I don’t know if there is any way to measure this, but I’ll bet this is the most asked question since mobile phones became ubiquitous. It’s a frustrating situation; you can tell that you can hear the other person, and you can see how many reception bars your phone has, but you have no way of knowing what is going on at the other end of the call. Does the other person have good reception? Did their battery just go dead? In other words, what is the bidirectional quality of the mobile phone connection?

 

This problem is not just restricted to mobile phone connections. Today’s data networks are comprised of hundreds of individual connections supporting scores of applications. Typically the device testing the availability, quality and performance of the network is in just one location, as shown in the following diagram:

IP SLA graph.png

 

The quality tester at Site 1 has the ability to test the WAN connections A, B, and C that are directly connected to Site 1. The tester can test the combined WAN quality of links A and E, as well as the combined WAN quality of links C and D. Here is the problem; can this tester determine if users at Site 3 accessing servers at site 4 are experiencing the "Can you hear me now?" problem? Can these users open TCP connections to Site 4 servers? Can they reach web servers in Site 4? Our tester in Site 1 has no way of testing this. Enter the proxy test agent! The general term for this technology is proxy performance management. The Cisco specific implementation of this is called IP SLA.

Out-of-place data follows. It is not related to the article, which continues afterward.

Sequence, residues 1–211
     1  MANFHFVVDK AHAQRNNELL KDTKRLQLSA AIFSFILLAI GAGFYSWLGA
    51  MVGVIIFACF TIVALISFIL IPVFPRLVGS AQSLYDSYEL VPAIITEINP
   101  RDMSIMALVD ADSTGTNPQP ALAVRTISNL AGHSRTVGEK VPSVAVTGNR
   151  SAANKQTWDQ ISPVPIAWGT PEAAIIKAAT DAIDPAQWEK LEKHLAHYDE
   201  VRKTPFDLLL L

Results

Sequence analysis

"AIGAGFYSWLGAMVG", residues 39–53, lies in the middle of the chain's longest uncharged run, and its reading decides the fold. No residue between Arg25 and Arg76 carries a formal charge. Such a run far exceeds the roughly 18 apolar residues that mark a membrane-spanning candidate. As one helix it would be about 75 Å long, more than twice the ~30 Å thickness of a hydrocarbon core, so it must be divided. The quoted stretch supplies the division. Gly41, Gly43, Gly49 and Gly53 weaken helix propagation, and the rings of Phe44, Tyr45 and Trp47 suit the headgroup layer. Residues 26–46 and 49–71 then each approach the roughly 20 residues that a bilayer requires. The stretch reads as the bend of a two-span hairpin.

By configuring an IP SLA agent on the Site 3 router, we can run WAN quality tests directly between Sites 3 and 4. The Site 3 router can then send the test results to the Quality Tester at Site 1. And the Site 3 router can be configured to perform tests over link D to determine the quality of that link.

 

Cisco's IP SLA

IP SLA capability is built into Cisco IOS, all you need do is configure it. So, what can you test using IP SLA?

  • VoIP quality (Jitter, delay, MOS)
  • TCP port open
  • UDP Port Open
  • DNS requests
  • DHCP requests
  • FTP file transfer capability and performance
  • ICMP Echo
  • ICMP path echo
  • HTTP access (includes DNS time and TCP port open time)
  • UDP Echo
  • Path Jitter
  • VoIP Jitter

 

IP SLA could be thought as a distributed "can you hear me now" process for the network. If you have not tried IP SLA on your network, the easiest way to implement it and see what it can do for you is to download either the SolarWinds IP SLA Free Tool or the IP SLA Manager and give it a try. These tools automate the router configuration process and provide graphical results of the tests.